When I walked up and over the hill to the Saturday’s farmers markets in the play-yard of St. Paul’s School on Primrose Hill Road I took a detour to a stand of shrubs that has been left to grow on the hill. The outer tresses are vines of sweet and plump blackberries, and I have a small container-full before I head down the back side of the hill into the market. Volunteers are still at the gates, watching who goes in, helping with a queue if necessary, and giving us all a squish of hand sanitizer as we enter the school yard.
What is it about markets? We gather at them as at an oasis for life. A community without such a market feels depleted in a deep way. There is rejoicing when a new market is established and a sadness when one dies.
It was probably in the early 1980’s when my mother first said “Come on Saturday and we can go to the market.” There was now a weekly market set up in the Ghurka Square parking lot of the Fleet town library. There were stands selling tools, some of which definitely looked as if they had fallen off the back of a lorry. There were stalls of fruit, vegetables and a small garden shop with its racks of plants, all of whom my mother would barter with, much to my embarrassment, but not to hers. The stall owners knew that they would lose nothing in giving her a bob or two off, and she would happily be back to shop with them again the following Saturday. The butcher and fishmonger, Mr. Driver and Mr. Harden, both taking over from their fathers, brought vans to the market to sell fish and any game that had come their way during the week. Being on the edge of farmland and the countryside there would be plenty of pheasant, rabbit and hare, in season or not. My mother would meet old friends, and though it was no longer the genteel coffee house moments of Mrs. Max’s Cafe it was another way to say hello and check in with each other.
These early markets had a flair of the fair about them, with the sharpness and quickness of traveling people. It was a racy flavor not usually found in the quiet suburbs but one I came to know in the old Inverness Street market in Camden. Now we have the Primrose Hill Saturday produce market and it suits us as I can chat with the organic farmers from Kent and beyond.
Who holds the keys to markets? For there always is a gate keeper, and not all are as amiable as the volunteers with their hand sanitizer at the St. Paul’s schoolyard entrance. What is it you have to sell and who you might serve or upset plays a part in selling pheasants or films.
The arts, and culture, are being particularly challenged within this Covid-19 crisis situation. The film business is hopping up and down, deals are being struck, contracts withdrawn, to produce, not to produce, to screen, not to screen and Coup 53 which was ready for release at the end of 2019 has been caught in the middle of this jammed water-way and was close to drowning in the river mill-stones along the road to distribution. But Todd McCarthy wondered in his article in Deadline if there was more going on with this film? He writes “At a moment in time when documentaries are in greater favor, and more widely accessible to the public than ever before, it’s both disturbing and ironic that the most enthralling and revelatory documentary I’ve seen over the past year hasn’t yet found a clear path to the public.”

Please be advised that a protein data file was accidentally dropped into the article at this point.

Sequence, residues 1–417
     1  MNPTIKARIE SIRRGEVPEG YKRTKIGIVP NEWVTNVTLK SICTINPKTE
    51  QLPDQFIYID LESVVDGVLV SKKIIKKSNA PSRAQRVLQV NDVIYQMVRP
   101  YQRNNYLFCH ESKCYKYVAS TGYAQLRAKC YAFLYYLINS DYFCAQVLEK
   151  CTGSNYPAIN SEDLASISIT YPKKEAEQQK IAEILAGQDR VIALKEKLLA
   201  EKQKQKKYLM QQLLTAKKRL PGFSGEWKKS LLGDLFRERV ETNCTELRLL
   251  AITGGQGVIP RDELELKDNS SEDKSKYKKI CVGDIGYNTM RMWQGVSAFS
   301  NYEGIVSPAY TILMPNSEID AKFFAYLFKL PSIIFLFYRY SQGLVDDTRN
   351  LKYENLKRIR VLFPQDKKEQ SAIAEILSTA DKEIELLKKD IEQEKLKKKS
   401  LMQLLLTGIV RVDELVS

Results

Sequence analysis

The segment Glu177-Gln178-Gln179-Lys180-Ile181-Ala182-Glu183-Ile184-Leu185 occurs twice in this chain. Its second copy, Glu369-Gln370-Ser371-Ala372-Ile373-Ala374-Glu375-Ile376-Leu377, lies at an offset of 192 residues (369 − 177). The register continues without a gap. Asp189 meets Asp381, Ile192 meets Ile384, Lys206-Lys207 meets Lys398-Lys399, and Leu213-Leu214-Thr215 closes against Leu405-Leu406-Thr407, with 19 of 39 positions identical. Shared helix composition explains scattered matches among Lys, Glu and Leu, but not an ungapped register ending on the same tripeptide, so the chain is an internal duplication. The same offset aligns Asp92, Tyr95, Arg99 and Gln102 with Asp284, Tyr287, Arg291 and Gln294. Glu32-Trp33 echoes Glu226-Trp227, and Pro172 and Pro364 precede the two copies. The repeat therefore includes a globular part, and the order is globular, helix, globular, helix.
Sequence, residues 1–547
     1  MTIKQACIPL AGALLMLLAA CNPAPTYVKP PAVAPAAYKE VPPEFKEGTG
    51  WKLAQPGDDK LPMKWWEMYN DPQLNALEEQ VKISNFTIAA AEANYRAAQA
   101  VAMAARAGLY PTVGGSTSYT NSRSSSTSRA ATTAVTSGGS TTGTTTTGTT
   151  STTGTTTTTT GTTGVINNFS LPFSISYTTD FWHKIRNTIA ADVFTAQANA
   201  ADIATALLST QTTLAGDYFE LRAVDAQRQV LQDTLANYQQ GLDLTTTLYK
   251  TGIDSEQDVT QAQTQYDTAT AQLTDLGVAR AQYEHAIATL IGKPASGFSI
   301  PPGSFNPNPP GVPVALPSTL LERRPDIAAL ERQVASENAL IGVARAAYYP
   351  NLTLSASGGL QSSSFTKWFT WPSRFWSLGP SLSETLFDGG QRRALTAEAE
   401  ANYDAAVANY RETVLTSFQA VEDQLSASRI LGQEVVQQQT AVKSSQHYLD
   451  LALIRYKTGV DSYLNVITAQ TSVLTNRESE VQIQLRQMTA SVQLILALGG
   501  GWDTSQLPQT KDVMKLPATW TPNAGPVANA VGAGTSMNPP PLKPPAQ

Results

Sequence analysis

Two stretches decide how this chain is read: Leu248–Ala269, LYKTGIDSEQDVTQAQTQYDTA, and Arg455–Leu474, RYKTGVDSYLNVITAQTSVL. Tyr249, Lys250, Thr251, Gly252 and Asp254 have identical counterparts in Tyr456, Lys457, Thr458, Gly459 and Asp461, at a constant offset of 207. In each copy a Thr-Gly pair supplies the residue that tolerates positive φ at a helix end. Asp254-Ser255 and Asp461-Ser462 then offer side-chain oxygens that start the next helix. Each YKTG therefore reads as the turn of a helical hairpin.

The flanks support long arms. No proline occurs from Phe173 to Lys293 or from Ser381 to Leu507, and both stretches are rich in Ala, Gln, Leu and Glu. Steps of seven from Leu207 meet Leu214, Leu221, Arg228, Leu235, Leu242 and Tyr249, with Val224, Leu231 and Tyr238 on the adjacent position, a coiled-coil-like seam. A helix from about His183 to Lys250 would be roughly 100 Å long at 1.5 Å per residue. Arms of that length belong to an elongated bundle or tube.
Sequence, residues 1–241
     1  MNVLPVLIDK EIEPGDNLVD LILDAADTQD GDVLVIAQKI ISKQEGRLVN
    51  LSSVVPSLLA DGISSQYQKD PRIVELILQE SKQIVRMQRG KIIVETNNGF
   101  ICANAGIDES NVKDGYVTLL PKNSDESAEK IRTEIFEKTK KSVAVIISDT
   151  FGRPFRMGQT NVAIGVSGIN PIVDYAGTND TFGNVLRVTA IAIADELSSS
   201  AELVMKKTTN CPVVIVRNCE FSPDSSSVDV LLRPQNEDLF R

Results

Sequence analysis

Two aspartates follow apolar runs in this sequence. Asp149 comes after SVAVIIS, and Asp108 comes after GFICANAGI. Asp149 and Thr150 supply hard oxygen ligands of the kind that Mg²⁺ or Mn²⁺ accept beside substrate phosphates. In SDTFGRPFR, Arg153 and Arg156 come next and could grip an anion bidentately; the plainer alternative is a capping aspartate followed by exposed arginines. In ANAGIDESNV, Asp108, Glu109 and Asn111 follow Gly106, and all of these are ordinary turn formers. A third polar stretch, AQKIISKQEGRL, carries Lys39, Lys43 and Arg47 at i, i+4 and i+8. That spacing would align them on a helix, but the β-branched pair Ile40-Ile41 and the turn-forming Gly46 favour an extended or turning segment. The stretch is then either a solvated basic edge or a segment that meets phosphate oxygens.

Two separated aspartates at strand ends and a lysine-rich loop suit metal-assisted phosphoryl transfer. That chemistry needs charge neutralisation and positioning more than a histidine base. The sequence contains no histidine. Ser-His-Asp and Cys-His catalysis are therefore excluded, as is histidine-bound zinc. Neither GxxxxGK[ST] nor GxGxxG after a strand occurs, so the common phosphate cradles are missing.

There could be many reasons why mainstream streaming and cinema art-houses have not picked the film up yet for their own pockets. Is the truth of the UK and US involvement in the take-down of Iran’s democratically elected Prime Minister Mossadegh too hot a topic at this time? It could seem that this is so.
Now the film makers have joined a new venue of online viewing. Using the streaming platform eventive.org, Coup 53 will be released in several countries and continents on August 19th and be available for viewing for several weeks thereafter. I don’t actually know how it works but I do know it involves virtual cinemas which are set up by cinemas and other parent organizations, such as KWMR.org. Another leap into the unknown for these film makers, enticing the truth-seeking and curious audience to follow. The newspaper press have already begun writing their stories and in the weeks to come there will be more. In the Sunday Observer newspaper a full page article on Coup 53 has pushed Boris Johnson off of page three onto page five, and Steve Bannon onto page seven.
U-turns and unclear explanations have led to endless chaos and a painful week for Boris Johnson. Even the Honors list has heads spinning and thinking of the saying “Keep you friends close but your enemies closer.” The list of knighthoods and peerages bulges and instead of ‘Off with their heads’, the House of Lords will now be crammed with 800 Lords and Ladies of the Realm. Maybe our Queen can delegate this investiture to Prince Charles who has a swift and steady hand with a sword. Who has been ushered upstairs? One is the cricket hero Sir Ian Botham, who was a staunch Brexiteer. Brother Jo Johnson is moved out of harm’s way into the House of Lords. Philip May, husband of ex-prime minister Theresa May for “political Service” by just getting his wife out of the door of Number 10 and into the limousine during her time in office. And let’s not forget a nice Russian. Mr. Lebedev, whose dad, since we were talking of spies, was a former KGB agent. Now Mr. Lebedev owns the Independent and Evening Standard newspapers – and has been a good friend of Mr Johnson’s. All of this announced on the second day of August when parliament is no longer sitting.
They have gone on holiday. Fewer ministers will travel overseas, but may be seen in shorts and sun-screen licking an ice lolly at a fete in their own constituencies throughout the country. Let’s hope they have plenty of sun-screen, for the temperature is about to get hotter.
This has been A Letter From A. Broad. Written and read for you by Muriel Murch.